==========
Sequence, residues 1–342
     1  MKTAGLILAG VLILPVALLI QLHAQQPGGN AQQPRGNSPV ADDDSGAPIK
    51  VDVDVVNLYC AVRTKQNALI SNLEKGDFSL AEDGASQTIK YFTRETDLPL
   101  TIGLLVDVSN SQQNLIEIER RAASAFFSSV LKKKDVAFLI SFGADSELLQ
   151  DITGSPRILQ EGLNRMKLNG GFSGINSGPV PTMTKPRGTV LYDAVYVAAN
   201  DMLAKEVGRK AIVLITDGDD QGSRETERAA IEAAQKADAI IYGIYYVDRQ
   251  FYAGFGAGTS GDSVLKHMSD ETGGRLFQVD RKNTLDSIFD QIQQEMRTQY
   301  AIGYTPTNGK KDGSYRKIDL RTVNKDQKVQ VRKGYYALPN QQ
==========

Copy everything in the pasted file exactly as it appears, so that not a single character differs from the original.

Sequence, residues 1–342
     1  MKTAGLILAG VLILPVALLI QLHAQQPGGN AQQPRGNSPV ADDDSGAPIK
    51  VDVDVVNLYC AVRTKQNALI SNLEKGDFSL AEDGASQTIK YFTRETDLPL
   101  TIGLLVDVSN SQQNLIEIER RAASAFFSSV LKKKDVAFLI SFGADSELLQ
   151  DITGSPRILQ EGLNRMKLNG GFSGINSGPV PTMTKPRGTV LYDAVYVAAN
   201  DMLAKEVGRK AIVLITDGDD QGSRETERAA IEAAQKADAI IYGIYYVDRQ
   251  FYAGFGAGTS GDSVLKHMSD ETGGRLFQVD RKNTLDSIFD QIQQEMRTQY
   301  AIGYTPTNGK KDGSYRKIDL RTVNKDQKVQ VRKGYYALPN QQ